In this study, Dr. Eric Lingueglia and his team found Peripheral ASIC3 channels are thus essential sensors of acidic pain and integrators of molecular signals produced during inflammation where they contribute to primary hyperalgesia.

Emmanuel Deval, Jacques Noël, Nadège Lay, Abdelkrim Alloui, Sylvie Diochot, Valérie Friend, Martine Jodar, Michel Lazdunski and Eric Lingueglia. ASIC3, a sensor of acidic and primary inflammatory pain. The EMBO Journal advance online publication 16 October 2008; doi: 10.1038/emboj.2008.213

 Cy3-labelled siRNA no. 1121 and its corresponding scramble (no. 1121S; GCTCACACTACGCAGAGAT) synthesized by MWG Biotech (Germany) were injected in rats by intrathecal bolus to the lumbar region of the spinal cord once a day for 3 days before the induction of inflammation with CFA. Each 10-ml injection corresponded to 2 mg of siRNA complexed with i-Fect siRNA transfection reagent (Neuromics) at a ratio of 1:4 (w:v) (Luo et al, 2005), following the supplier’s suggested protocol. siRNA uptake in lumbar DRGs
was monitored by fluorescence microscopy on cryostat sections 24 h after a single intrathecal injection.

Here’s a synopsis of results:

Inflammation was produced by CFA injection, which led to primary heat hyperalgesia, and this hyperalgesia was drastically reduced by the ASIC3 blocker APETx2 injected subcutaneously, which only access cutaneous nociceptors. It was also drastically reduced when, before triggering the inflammation state, intrathecal
injections of an siRNA against ASIC3 had induced a knockdown of ASIC3 expression in lumbar DRGs.

I will continue to publish updates.

Dr. Matthew Ramer, Neural Regeneration and SCI

Dr. Matthew Ramer

Dr. Matthew Ramer

I dream of the day that people suffering from spinal cord injuries (SCIs) will be restored to full function. The good news is there are researchers and dedicated centers that form the back-bone of SCI repair research.

I am excited and honored to be featuring Dr. Matthew Ramer for this month’s backstory. Matt is a member of ICORD (International Collaboration On Repair Discoveries) at the University of British Columbia. ICORD is an interdisciplinary research centre for the development of effective strategies to promote functional recovery after spinal cord injury. This includes  the discovery and implementation of relevant solutions to improve functional recovery, mobility, community integration and quality of life for people with spinal cord injury.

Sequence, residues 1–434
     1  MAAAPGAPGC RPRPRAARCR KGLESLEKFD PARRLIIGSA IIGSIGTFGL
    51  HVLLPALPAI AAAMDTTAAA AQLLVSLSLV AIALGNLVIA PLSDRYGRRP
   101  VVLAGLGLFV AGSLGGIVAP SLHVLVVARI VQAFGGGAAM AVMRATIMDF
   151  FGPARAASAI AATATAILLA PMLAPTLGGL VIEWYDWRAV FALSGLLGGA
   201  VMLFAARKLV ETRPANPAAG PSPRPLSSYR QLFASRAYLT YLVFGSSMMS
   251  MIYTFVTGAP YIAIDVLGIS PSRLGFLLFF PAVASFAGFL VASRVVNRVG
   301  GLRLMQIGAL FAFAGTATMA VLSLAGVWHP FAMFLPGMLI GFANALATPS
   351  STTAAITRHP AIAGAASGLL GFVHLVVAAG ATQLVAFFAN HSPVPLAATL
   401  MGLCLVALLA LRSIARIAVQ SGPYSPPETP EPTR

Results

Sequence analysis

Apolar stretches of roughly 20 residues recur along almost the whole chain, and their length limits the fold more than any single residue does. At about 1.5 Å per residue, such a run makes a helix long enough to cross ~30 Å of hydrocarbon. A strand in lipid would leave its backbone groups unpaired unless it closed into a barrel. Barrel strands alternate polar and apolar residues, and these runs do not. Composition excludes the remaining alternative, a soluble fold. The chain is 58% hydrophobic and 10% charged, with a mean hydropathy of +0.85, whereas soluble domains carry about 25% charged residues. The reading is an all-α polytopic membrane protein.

Matt’s research focus is on the molecular biology of primary sensory nerve cells (neurons). These neurons are responible for sensation. These include touch, pain, temperature, etc. These neurons transmit sensation to the brain via the spinal cord. It is this transmission that enables us to process the sensation. Similar transmissions happen in the case of locomotion.

Matt’s research helps us better understand the mechanism of these transmissions. More importantly, his work includes finding ways to regenerate and repair neurons. These are steps in improving the outcome of sufferes of SCI.

Dicerna Makes Progress

Just wanted to update you on my friends at Dicerna…from in vivo blog…

Wednesday, October 31, 2007

Dicerna Crashes RNAi Party

Life often imitates art, as the saying goes.

In “This Is Spinal Tap,” the classic rock and roll mockumentary chronicling the eponymous band, guitarist Nigel Tufnel famously brags that his amplifiers, unlike conventional ones that max out at a volume of ten, were specially designed to go “one louder.”

“These go to eleven,” he deadpans.

IN VIVO Blog has learned that in the world of RNA interference (RNAi), a new company aims to make some noise of its own not by going louder, but longer, while at the same time circumventing the IP barriers to entry in the exciting field.

Dicerna Pharmaceuticals Inc. is based on technology called Dicer substrate small interfering RNAs developed by co-founders John Rossi, PhD, from the City of Hope National Medical Center’s Beckman Research

Dr. Mark Behlke

Dr. Mark Behlke

Institute and Mark Behlke, MD, PhD, from Integrated DNA Technologies Inc. (IDT). Dicer substrate siRNAs differ from traditional siRNA employed by companies like Alnylam Pharmaceuticals and Merck & Co.’s Sirna Therapeutics in that they are slightly longer oligonucleotides—between 26 and 30 base pairs (bp) versus 21bp for standard siRNA—which then get trimmed down to size once inside the cell. 

Dicerna is expected to announce its $13 million Series A, which will be led by Oxford Bioscience Partners, at some point in November.

Dicerna hopes that its longer molecules not only confer an IP workaround strategy in the hot area of RNA interference therapeutics, but also a pipeline of highly potent drug candidates that will pique the interest of quite a few Big Pharma that have been so far left out of the increasingly expensive but important RNAi arms race.

I will continue to publish updates on this “arms race”.